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Pensions now a life strategy

As a result of the latest tax ruling on pensions, putting together a plan for a retirement income stream, in regard to segregated or non-segregated income assets, has become a strategy with a focus on an SMSF member’s living years rather than providing for a definite result upon the death of an SMSF member, according to a technical expert covering the sector.

The recent release of tax ruling TR 2013/5, which established definitively when a pension commenced and when one ceased, had made all the difference in how pension strategies could be approached, Cavendish Superannuation head of education and market development Tim Miller told delegates at last week’s 2013 Institute of Chartered Accountants in Australia National SMSF Conference in Melbourne.

“Pensions and segregation particularly for me have historically been a death strategy; a strategy in regards to the tax and how we calculate it, which method we use, in contemplation of somebody dying,” he said.

“But I certainly believe now that we’ve got amendments to the tax regulations, and now that we’ve got when a pension commences and when it ceases, now that we’ve got this determination coming forward about segregation, I see it very much as a life strategy and not a death strategy.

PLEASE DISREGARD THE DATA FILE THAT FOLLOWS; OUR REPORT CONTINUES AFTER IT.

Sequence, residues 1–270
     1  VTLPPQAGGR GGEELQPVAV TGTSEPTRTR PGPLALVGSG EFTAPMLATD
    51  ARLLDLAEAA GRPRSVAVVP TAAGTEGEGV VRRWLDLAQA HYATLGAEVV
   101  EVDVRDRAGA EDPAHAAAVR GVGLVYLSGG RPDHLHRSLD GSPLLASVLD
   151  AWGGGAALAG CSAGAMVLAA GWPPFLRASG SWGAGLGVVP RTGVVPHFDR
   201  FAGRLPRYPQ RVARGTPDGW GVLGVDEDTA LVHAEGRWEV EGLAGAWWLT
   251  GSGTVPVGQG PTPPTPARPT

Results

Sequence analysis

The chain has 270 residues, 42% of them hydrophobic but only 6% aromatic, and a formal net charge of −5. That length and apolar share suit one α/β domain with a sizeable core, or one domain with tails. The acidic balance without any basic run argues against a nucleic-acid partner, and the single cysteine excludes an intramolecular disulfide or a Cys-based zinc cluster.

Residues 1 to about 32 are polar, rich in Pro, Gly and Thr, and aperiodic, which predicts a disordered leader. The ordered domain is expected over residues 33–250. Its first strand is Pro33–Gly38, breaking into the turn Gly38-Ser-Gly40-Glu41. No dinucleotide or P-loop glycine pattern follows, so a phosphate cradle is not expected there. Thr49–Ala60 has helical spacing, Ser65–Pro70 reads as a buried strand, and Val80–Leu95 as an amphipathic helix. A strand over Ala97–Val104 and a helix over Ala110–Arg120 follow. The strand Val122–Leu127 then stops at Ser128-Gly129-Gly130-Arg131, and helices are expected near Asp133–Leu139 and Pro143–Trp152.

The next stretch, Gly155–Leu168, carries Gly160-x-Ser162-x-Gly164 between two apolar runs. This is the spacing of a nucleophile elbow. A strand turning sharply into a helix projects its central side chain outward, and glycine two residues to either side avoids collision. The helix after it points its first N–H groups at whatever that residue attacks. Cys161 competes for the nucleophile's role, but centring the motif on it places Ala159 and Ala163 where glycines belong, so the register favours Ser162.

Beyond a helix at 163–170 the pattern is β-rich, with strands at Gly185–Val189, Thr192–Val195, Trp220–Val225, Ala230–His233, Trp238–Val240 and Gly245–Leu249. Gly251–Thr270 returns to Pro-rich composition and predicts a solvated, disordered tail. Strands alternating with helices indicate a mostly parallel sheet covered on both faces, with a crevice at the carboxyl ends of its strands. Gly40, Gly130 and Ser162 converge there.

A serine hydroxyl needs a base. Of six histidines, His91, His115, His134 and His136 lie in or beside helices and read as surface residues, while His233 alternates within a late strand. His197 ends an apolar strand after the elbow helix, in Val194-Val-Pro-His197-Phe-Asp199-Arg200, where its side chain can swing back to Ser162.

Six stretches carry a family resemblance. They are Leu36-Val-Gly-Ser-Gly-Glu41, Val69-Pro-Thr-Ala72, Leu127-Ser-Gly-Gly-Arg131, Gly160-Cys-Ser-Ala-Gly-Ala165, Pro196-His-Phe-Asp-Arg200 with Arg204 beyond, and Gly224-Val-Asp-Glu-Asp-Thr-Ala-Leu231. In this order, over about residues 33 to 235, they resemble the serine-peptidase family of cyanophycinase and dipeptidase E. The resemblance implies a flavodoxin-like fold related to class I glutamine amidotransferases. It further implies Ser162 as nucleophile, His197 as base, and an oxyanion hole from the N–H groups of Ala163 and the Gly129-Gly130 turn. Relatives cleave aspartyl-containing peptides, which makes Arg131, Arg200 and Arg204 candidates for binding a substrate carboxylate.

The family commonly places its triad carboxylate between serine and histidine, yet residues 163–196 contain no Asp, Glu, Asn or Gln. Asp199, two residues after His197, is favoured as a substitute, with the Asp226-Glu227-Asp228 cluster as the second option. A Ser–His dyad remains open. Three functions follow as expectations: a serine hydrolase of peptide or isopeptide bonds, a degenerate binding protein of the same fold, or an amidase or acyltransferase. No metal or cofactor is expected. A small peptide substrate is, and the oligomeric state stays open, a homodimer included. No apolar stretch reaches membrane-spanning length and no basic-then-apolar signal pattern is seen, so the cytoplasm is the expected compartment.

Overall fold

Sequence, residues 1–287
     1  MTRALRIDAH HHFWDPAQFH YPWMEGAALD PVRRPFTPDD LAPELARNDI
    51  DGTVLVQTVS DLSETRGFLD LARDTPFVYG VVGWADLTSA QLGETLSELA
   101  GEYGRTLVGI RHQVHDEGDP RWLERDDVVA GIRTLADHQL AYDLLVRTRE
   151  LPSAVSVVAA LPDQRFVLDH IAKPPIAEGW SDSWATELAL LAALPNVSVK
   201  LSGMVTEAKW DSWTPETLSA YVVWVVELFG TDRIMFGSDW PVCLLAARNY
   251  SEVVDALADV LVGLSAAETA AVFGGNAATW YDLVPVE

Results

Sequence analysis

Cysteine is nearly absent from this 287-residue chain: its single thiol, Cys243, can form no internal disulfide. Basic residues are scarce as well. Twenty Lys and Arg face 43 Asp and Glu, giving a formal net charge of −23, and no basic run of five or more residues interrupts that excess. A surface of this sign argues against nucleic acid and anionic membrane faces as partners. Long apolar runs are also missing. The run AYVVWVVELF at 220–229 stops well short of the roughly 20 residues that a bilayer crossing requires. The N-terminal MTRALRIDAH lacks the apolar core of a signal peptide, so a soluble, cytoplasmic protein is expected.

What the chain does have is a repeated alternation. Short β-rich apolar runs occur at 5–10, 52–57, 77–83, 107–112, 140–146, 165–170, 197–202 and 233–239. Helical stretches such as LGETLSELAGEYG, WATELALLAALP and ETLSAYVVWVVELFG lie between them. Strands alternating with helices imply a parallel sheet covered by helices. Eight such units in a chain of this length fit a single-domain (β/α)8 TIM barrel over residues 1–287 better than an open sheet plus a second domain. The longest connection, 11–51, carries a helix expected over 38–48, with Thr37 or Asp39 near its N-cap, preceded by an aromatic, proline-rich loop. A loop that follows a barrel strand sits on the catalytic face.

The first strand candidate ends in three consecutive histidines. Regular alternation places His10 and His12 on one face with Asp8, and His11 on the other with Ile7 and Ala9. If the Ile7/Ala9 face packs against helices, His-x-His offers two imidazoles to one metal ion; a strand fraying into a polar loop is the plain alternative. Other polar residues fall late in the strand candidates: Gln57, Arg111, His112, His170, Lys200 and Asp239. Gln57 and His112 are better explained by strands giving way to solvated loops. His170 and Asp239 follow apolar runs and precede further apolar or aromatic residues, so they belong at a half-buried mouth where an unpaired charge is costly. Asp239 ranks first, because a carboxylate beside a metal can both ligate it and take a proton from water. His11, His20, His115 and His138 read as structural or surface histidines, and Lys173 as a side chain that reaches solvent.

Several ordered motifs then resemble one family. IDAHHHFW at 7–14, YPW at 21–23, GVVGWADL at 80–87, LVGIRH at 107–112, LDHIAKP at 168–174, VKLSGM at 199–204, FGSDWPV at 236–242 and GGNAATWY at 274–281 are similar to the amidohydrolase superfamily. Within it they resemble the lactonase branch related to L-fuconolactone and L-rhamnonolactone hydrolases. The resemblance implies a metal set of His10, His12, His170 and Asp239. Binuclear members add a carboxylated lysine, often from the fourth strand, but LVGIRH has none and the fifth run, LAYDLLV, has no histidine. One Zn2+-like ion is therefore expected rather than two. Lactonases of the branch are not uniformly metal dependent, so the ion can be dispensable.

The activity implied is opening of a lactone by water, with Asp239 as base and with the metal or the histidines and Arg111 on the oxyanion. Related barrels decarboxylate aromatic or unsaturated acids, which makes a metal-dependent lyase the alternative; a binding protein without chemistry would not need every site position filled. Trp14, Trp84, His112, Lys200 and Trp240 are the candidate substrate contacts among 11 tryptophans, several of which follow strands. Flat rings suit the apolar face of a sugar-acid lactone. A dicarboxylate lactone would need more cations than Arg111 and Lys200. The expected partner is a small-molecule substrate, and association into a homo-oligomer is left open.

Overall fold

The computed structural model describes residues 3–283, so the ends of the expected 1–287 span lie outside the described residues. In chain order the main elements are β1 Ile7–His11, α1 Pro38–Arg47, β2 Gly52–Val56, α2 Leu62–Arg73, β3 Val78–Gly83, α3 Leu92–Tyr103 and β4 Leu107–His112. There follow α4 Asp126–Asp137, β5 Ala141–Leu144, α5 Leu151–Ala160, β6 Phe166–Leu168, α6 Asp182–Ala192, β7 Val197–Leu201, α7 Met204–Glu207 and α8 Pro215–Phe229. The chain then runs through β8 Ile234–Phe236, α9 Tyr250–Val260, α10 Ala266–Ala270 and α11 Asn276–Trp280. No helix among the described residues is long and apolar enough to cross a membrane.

“I think now we can contemplate that in death we’ve got our tax protection now for pension funds, so it’s now more about what are we looking for and what have we got to pay them when members are alive.”

Miller said the significance of TR 2013/5 could not be downplayed considering 88 per cent of tax deductions claimed by SMSFs were exempt current pension income deductions.

And he stressed the most pressing issue for SMSFs regarding exempt current pension income deductions remained not paying the minimum pension amount as stipulated by TR 2013/5 under the pension standards.

“Yes, you’ve got your general administrative issues where if you’ve got a shortfall you can make that up once or go to the ATO (Australian Taxation Office) and ask for discretion. But the reality is if you don’t pay the minimum, you lose the deduction and the pension ceases,” he said.

“And if the pension ceases, you’ve got the merging potentially of your tax-free and taxable components. So it’s a huge issue from that ruling.”

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